Figure 1. Hypoxia induced by the growing tumor mass triggers an “angiogenic switch” within the tumor microenvironment, resulting in a crude version of angiogenesis.

1.2. Tumor Control of Angiogenesis

In many ways, tumors can be considered functional organs as opposed to a group of aberrant cells. The tumor stroma includes mesenchymal-derived cells, inflammatory cells, and vascular cells, albeit in an irregular fashion that has been modified by the tumor to tailor to its survival needs [11][12]. Tumors are therefore capable of inducing angiogenesis by co-opting the same pro-angiogenic program. Small tumors devoid of vasculature are often observed in solid tumor types—their oxygen and nutrient demands being supplied by passive diffusion from nearby vessels [13]. However, as tumors grow beyond 2 mm2, the tumor core becomes increasingly hypoxic and the process of angiogenesis begins to fuel oxygen and nutrient demands [14]. This moment has been termed “the angiogenic switch” in which tumor cells respond to low oxygen perfusion by releasing many of the angiogenic factors represented in Figure 1 [15]. Cellular responses to low oxygen are primarily regulated by DNA-binding transcription factors known as hypoxia inducible factors (HIF). HIFs are heterodimeric proteins that consist of a constitutively expressed HIF-1ß subunit and an oxygen-regulating subunit (HIF-1α or HIF-2α) [16][17]. These alpha subunits are composed of an amino terminal basic Helix-Loop-Helix (bHLH) necessary for DNA binding to hypoxia response elements (HRE), transactivation domains (N-TAD and C-TAD) that are vital for activation of HIF target genes, PAS-A and PAS-B domains for protein-protein dimerization, and an oxygen-dependent degradation domain (ODDD). Redundancy in HIF-1α stabilization is evident as a secondary lysine residue within the ODDD can be acetylated by an acetyl transferase enzyme called arrest-defective-1 (ARD-1) to favour degradation of HIF-1α [18]. The expression of ARD-1 is decreased in hypoxia, resulting in stabilized HIF-1α under this condition [18].
Under normoxic conditions, the prolyl hydroxylase domain (PHD) uses oxygen as a rate-limiting substrate and iron as a cofactor to hydroxylate two proline residues within the ODDD [18]. Hydroxylated HIF-1α becomes associated with Von Hippel Lindau factor (pVHL) and elongins B and C, cullin-2 (cul-2) and rbx1 co-factors, forming a complex with E3 ubiquitin ligase activity (HIF-1α-VBC complex) [19]. However, under hypoxic conditions, HIF-1α is stabilized through limited PHD activity. This allows generation and accumulation of non-hydroxylated HIF-1α. Further, HIF-1α stability is controlled by ubiquitin ligases that are PHD enzymes themselves, as well as pVHL-interacting deubiquitinating enzyme (VDU2), which acts to destabilize ubiquitin ligases on HIF-1α [18]. Given the significantly short half-life of HIF-1α (<1 min in a perfused lung), it is constantly being degraded at physiological oxygen levels in normal cells and is subject to tight regulation should oxygen levels decline [20]. In contrast, the median oxygenation of an untreated tumor falls between approximately 0.3% and 4.2%, with most untreated tumors exhibiting median oxygen levels <2% [21]. This level of hypoxia triggers the release and stabilization of HIF-1α while also inducing oncogenic mechanisms that further derail the HIF pathway and make tumors less dependent on oxygen [21]. Tumor-induced mutations in the binding pocket of pVHL have been shown to disrupt HIF-1α interactions and thereby disassemble the E3 ubiquitin ligase (VEC) complex [22]. More directly, in lung cancer, TP53 mutants have been shown to exert a gain of function on HIF-1, leading to heightened expression of hypoxia-response genes [23]. HIF-1α is capable of binding directly to the tumor suppressor, favouring mouse double minute 2 homolog (Mdm2) ubiquitination and proteosomal degradation of HIF-1α, which is not possible in TP53 mutants or knockouts [24]. Several studies have shown that HIF expression is abrogated upon phosphoinositide 3-kinase (PI3K) pathway inhibition regardless of oxygen levels [25][26]. Similarly, HIF-1 is upregulated by AKT in human gastric cancer, breast cancer, and non-small cell lung cancer [27][28].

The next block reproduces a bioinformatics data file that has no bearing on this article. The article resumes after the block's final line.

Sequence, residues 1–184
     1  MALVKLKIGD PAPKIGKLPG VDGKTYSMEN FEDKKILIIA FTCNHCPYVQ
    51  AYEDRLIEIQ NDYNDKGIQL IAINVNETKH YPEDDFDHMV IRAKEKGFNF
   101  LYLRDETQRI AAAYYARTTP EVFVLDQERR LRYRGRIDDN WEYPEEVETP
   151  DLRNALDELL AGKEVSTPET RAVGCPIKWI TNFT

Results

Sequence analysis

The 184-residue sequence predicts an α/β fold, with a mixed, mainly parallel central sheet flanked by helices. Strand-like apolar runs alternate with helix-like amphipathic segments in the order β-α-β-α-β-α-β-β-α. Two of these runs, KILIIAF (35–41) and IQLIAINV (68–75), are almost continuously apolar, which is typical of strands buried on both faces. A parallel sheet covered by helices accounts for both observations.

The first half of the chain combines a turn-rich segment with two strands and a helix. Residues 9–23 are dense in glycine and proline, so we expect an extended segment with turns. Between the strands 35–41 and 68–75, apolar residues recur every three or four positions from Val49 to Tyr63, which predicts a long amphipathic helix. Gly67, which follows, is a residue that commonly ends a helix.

1.3. Factors Contributing to Tumor Vascular Dysfunction